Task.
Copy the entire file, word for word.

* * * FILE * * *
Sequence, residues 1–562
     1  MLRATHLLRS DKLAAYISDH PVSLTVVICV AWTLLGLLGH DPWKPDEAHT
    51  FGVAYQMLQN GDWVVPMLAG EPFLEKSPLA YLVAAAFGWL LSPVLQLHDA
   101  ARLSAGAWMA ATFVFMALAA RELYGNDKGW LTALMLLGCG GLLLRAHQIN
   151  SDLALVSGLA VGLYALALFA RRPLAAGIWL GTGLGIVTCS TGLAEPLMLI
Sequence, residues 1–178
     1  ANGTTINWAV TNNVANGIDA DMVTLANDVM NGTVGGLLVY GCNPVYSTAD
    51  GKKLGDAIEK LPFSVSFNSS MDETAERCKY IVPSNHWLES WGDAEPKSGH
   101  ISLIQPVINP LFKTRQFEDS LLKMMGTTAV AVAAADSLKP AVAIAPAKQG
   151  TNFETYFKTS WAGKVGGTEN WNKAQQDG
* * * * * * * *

Sequence, residues 1–562
     1  MLRATHLLRS DKLAAYISDH PVSLTVVICV AWTLLGLLGH DPWKPDEAHT
    51  FGVAYQMLQN GDWVVPMLAG EPFLEKSPLA YLVAAAFGWL LSPVLQLHDA
   101  ARLSAGAWMA ATFVFMALAA RELYGNDKGW LTALMLLGCG GLLLRAHQIN
   151  SDLALVSGLA VGLYALALFA RRPLAAGIWL GTGLGIVTCS TGLAEPLMLI
Sequence, residues 1–178
     1  ANGTTINWAV TNNVANGIDA DMVTLANDVM NGTVGGLLVY GCNPVYSTAD
    51  GKKLGDAIEK LPFSVSFNSS MDETAERCKY IVPSNHWLES WGDAEPKSGH
   101  ISLIQPVINP LFKTRQFEDS LLKMMGTTAV AVAAADSLKP AVAIAPAKQG
   151  TNFETYFKTS WAGKVGGTEN WNKAQQDG